Fossilised 100 million-year-old prehistoric fly discovered in South Korea is named after pop star PSY’s musical hit ‘Gangnam Style’ for its distinctive folded arms

  • Prehistoric fly named after South Korean pop star’s massive 2012 smash hit
  • Buccinatormyia gangnami fossil show the species crossing its long appendages 
  • B. gangnami also had a 5mm long tubular mouth, known as a proboscis, to detract predators and appears similar to the modern wasp

A newly-discovered fly fossil has been named after the Korean pop hit ‘Gangnam Style’ for its resemblance to the popular accompanying dance move.

The fossilised insect, named Buccinatormyia gangnami, was discovered in Jinju City, South Korea.

It looks a lot like a modern wasp or hoverfly – with a black and yellow ‘yellowjacket’ pattern  – but is twice as large as a common house fly.

It displays the distinctive crossing of the arms in the so-called ‘Gangnam Style’, as popularised by South Korean pop star PSY in 2012.

The finding suggest that PSY can’t lay claim to this move – at least as far back as 100 million years ago. 

The Buccinatormyia gangnami was doing it 'Gangnam Style' before PSY even released his first demo

The Buccinatormyia gangnami was doing it ‘Gangnam Style’ before PSY even released his first demo


The Mesozoic Era is a the name given to the period from 250 million to 65 million years ago.

The era is divided into three major periods: Triassic, Jurassic and Cretaceous.

The new species discovery dates back to the Cretaceous period – 145 million to 66 million years ago.

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Mesozoic was the age of the dinosaurs and lasted almost 180 million years.

The Mesozoic Era followed the Paleozoic Era, during which arthropods, molluscs, fish and amphibians all evolved.

Mesozoic was followed by the Cenozoic Era, during which the continents assumed the configuration that we know today. 

The insect was part of the now totally extinct Zhangsolvidae family, which was common during the Mesozoic period – between 250 to 65 million years ago.

‘There were several lineages of long-proboscid flies during the Mesozoic, and all they were initially associated with gymnosperms.,’ said lead author of the study, Alexander Khramov, a senior researcher at the Borissiak Paleontological Institute in Moscow, Russia.

‘Some managed to survive into our time, while others disappeared, probably due to their inability to adapt themselves to angiosperm-dominated worldss.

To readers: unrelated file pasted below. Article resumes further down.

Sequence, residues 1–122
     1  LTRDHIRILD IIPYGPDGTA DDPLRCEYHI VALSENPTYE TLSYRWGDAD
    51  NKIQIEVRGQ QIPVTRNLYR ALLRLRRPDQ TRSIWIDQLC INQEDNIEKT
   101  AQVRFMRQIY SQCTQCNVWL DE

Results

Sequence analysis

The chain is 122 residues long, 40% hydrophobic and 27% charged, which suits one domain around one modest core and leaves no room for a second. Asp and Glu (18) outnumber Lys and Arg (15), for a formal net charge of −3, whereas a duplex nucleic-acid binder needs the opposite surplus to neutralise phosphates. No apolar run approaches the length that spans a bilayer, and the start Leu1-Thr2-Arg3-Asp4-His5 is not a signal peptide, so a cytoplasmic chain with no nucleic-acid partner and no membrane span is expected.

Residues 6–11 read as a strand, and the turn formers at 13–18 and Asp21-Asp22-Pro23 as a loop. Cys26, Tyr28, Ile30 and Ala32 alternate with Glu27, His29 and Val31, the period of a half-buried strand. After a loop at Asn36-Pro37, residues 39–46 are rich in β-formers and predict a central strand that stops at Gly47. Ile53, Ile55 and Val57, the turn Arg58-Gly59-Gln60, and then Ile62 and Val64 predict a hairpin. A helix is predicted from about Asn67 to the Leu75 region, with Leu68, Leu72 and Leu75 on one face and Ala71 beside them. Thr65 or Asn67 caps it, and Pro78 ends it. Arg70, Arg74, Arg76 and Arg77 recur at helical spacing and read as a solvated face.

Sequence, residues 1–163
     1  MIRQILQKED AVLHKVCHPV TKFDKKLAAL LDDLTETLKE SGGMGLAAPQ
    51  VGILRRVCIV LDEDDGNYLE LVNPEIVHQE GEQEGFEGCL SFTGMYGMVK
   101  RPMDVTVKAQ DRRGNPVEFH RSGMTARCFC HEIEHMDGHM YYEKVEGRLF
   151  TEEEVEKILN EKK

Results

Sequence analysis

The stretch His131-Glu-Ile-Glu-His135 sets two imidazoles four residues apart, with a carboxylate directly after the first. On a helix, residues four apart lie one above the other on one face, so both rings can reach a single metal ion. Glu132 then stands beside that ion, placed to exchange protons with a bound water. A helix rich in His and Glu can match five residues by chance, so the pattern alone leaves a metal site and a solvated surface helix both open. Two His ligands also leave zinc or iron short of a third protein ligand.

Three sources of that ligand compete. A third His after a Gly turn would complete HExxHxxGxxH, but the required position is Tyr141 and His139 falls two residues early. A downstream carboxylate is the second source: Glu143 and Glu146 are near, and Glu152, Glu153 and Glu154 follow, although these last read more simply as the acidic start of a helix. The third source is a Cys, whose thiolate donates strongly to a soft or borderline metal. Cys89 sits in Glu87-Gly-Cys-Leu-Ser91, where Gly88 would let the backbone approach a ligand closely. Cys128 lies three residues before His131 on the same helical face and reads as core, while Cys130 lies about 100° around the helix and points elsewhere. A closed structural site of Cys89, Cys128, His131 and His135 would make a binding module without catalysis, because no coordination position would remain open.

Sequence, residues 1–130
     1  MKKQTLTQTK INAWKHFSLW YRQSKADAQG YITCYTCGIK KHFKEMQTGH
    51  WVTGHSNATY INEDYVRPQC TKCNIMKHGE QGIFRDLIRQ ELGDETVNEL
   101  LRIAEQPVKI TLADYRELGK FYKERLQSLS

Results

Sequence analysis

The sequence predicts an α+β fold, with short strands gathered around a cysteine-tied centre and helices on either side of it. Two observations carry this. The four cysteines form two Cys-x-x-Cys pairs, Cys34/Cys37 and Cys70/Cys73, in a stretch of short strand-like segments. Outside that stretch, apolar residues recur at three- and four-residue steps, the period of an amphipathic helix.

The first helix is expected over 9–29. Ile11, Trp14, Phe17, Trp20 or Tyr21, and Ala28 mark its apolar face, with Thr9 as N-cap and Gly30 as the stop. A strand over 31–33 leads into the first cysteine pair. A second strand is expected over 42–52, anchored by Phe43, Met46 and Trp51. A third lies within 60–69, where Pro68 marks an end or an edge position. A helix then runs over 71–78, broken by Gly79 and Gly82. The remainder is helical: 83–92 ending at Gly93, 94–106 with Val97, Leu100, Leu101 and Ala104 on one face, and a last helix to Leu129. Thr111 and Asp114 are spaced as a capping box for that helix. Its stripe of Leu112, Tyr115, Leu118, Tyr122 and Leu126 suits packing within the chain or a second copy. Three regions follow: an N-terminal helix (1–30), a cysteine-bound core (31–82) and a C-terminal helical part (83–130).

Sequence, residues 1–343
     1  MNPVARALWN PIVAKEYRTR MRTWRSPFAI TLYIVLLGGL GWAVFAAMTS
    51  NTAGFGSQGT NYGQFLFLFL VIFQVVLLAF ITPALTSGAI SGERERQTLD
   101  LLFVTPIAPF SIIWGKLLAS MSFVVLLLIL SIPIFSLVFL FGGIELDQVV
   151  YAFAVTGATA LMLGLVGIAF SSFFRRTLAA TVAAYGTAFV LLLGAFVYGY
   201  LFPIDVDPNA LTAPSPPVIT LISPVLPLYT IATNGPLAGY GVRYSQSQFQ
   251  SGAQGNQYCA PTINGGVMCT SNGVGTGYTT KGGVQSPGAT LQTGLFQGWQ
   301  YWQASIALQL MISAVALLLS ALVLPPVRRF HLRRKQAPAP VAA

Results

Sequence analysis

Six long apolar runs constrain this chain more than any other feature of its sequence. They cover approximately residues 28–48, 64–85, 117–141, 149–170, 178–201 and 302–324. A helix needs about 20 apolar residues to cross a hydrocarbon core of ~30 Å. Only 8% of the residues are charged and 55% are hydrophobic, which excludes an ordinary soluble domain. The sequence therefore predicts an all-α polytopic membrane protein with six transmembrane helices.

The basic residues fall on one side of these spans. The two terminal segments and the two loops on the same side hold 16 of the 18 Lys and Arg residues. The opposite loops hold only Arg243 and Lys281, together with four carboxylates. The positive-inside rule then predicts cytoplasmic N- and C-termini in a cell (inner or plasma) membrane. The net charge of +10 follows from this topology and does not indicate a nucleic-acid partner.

‘Why zhangsolvids were destined to lose, we cannot explain yet.’ 

B. gangnami is the first record of Diptera – the order of winged insects commonly known as flies – from the Lower Cretaceous Jinju Formation of the Korean Peninsula, Jinju city in South Korea. 

The species has been described based on six fossil specimens, the largest number of fossils known for a single species of Zhangsolvidae.

The long-proboscid fly Buccinatormyia gangnami from the Lower Cretaceous of South Korea

The long-proboscid fly Buccinatormyia gangnami from the Lower Cretaceous of South Korea

It’s the third known species of Zhangsolvidae – with ‘extremely elongate antennal flagella’, all the better for doing it Gangnam Style. 

It had a 5mm long tubular mouth, known as a proboscis, and a darkish abdomen featuring four pairs of light spots.

While it looked like a wasp, scientists say wasps were rare at the time and have concluded it was either mimicking another unknown insect or wasps had spread further than they previously thought. 

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Members of this species were on average twice as large as today’s common house fly and were more similar to today’s modern wasp or hoverfly, which are part of the vespid family. 

B. gangnami and the related living wasp mimic fly Stratiomys

B. gangnami and the related living wasp mimic fly Stratiomys

However, judging by the fossil record, vespid wasps were rare during the Mesozoic period and B. gangnami most likely mimicked wasps using their long proboscis to detract predators.

Researchers believe it died out because they failed to adapt to changing plant life when non-flowering plants called gymnosperms became less common and flowering plants called angiosperms took over.

The new species has been described in Alcheringa: An Australasian Journal of Palaeontology.  



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